Romilly Evans wonders if Luis Suarez and his new partner Daniel Sturridge can haul the Reds back to the bigtime...
If the Manchester clubs have separated themselves in their own private battle for the Premier League title, the race for the final two Champions League places is a worthy sideshow. Chelsea and Tottenham Hotspur currently occupy third and fourth, but three talented sides (Everton, Arsenal and Liverpool) are massing behind them in one of the more competitive betting heats about for a Top Four Finish.
After the weekend's FA Cup festivities, the midweek fixture list more than makes up for the top-flight break - and Wednesday pits two of those sides against one another in a mouthwatering clash: Arsenal v Liverpool. It's a tie which will put the victor squarely in the race for fourth, while dropping the loser back into the pack of also-rans.
Quite how Liverpool are in this position after their worst start to a league campaign since 1952 is testimony to the erratic performances of those above them and the virtuoso efforts of Luis Suarez, who has almost single-handedly kept them within touching distance via his 16 goals (only two shy of Robin van Persie's current leading mark).
But in recent weeks, the Uruguayan has been getting by with a little help from his friends. Captain fantastic, Steven Gerrard, is finally returning to the sort of form which earnt him the moniker in the first place. While the recent acquisition of Daniel Sturridge from Chelsea appears to have added a new attacking dimension for Liverpool.
Sturridge has now bagged three goals in his opening three starts for the Reds (the first Liverpool player to do so since Ray Kennedy in 1974) and while it is early days to say that boss Brendan Rodgers has happened upon a winning formula up front, both Suarez and Sturridge already appear to have a blossoming understanding.
Comparisons with other dynamic duos, however, are as premature as they are inevitable. Suarez and Sturridge may neatly fit the SAS acronym, as eloquently demonstrated by to Alan Shearer and Chris Sutton, whose strikes propelled Blackburn to the title in 1995. But they are a very different proposition. And even if you trade military for air force comparisons, they are a long way short of the RAF (Ian Rush and Robbie Fowler) forward partnership which assumed mentor and protégé status at Anfield.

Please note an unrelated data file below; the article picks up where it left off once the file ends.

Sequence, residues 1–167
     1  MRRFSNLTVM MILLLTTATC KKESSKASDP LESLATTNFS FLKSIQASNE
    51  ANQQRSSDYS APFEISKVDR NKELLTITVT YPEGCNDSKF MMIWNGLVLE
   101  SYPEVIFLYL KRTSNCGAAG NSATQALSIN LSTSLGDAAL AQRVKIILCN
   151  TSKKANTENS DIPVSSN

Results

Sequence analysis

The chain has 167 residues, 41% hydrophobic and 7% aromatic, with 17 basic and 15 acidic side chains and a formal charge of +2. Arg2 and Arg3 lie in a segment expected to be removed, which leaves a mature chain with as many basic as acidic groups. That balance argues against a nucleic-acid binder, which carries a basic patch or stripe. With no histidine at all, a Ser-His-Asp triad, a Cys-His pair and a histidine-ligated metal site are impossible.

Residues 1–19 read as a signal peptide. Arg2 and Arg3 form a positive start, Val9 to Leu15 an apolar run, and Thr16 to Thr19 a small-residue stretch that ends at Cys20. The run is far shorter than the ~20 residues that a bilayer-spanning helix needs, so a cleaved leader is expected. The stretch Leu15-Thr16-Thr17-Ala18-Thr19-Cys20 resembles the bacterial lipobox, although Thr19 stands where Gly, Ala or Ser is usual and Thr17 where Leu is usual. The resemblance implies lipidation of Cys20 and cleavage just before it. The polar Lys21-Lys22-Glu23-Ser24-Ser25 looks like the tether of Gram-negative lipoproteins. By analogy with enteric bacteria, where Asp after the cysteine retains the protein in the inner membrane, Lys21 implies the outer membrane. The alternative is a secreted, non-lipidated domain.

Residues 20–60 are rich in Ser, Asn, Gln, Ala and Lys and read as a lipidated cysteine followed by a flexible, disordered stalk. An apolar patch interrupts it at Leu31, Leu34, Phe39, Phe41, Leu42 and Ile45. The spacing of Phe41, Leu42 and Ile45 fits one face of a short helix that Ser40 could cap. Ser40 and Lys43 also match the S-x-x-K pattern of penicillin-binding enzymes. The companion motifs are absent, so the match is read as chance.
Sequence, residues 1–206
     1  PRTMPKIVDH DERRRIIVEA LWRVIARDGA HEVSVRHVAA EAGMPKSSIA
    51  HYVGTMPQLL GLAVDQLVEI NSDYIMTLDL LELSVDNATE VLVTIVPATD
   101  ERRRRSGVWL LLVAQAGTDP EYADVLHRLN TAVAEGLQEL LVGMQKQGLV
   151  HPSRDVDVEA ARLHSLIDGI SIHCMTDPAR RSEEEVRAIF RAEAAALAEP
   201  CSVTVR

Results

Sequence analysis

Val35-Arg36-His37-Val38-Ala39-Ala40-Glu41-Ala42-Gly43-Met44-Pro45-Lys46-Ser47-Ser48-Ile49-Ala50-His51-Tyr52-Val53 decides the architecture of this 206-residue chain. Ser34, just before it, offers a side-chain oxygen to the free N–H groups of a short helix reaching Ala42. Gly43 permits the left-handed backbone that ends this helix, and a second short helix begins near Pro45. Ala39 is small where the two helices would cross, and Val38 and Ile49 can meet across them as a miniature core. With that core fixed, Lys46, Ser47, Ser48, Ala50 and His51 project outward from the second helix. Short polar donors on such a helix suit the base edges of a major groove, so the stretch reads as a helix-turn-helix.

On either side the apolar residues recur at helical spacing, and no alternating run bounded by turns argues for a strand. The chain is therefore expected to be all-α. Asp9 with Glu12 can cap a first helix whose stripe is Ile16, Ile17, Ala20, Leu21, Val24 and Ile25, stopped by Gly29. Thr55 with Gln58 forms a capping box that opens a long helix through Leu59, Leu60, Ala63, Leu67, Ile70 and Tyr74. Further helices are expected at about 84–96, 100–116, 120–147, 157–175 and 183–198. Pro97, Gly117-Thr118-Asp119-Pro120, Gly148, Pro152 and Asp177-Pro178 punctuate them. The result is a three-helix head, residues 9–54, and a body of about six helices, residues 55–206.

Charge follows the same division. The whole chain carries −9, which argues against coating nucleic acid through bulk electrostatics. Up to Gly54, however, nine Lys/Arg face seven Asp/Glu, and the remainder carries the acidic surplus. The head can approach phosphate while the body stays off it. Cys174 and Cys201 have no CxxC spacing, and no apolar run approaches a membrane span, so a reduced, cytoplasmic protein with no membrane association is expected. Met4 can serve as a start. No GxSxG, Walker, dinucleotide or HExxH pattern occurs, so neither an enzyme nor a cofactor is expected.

Nevertheless, the pair's first appearance together - with Suarez starting from a deeper position behind Sturridge - was the inspiration behind Liverpool's 5-0 trouncing of Norwich City. Now granted, Saturday's Cup saw that even non-league Luton could defeat the Canaries at the moment (one draw and six losses in the last seven), but there could be no dismissing the total stranglehold which Liverpool exerted, particularly around the opposition penalty area.
Suarez, in particular, shows no signs of shining the spotlight on his strike partner and departing into the shadows of creating, not taking. Instead, any who have backed him for this season's Golden Boot should be emboldened that he can overtake RVP atop the goal-scorer charts.
Rogers finally seems to have instilled a balance on the park and his 4-3-3 system appears to be functioning more efficiently with its new chassis. When he was at Ajax before coming to England, Suarez operated in a similar roaming role behind the No.10 and that didn't stop him from netting regularly and bagging Player of the Year honours to boot.
Sturridge, on the other hand, lacks Suarez's versatility and has to be employed as the centre forward. Yet the 23-year-old brings pace and power, coupled to a presence of mind that belies his tender years. That £12m they paid could seem like a steal, now that he has a manger's full backing and two exceptional providers in Suarez and Gerrard.
Stevie G has recently rediscovered the precise passing which has allowed him to unlock any defence down the years and his options have only improved now that he has another recognised goalscorer to aim for in Sturridge. The Liverpool captain certainly appears to have a renewed appetite for the game, but he knows that any ambitions his side have on playing Champions League football could well be coloured by their next two games - away to Arsenal and Manchester City.
Wednesday's match against Arsenal could prove particularly pivotal. Not only will a victory see Liverpool draw level on points with the Gunners, but the game is a real marker for how far the Reds have come under Rogers, so similar is his flowing brand of football to Arsene Wenger's. If they can out-manoeuvre Arsenal at the Emirates, the bar will have been unequivocally raised.
Suarez, Sturridge and their collective ability to finish will doubtless make the difference either way. And while their union remains formative, its potential, even now, is very real. It's been a while since Liverpool's RAF were gathered to god. Perhaps they've finally found a winning combination to take up the mantle.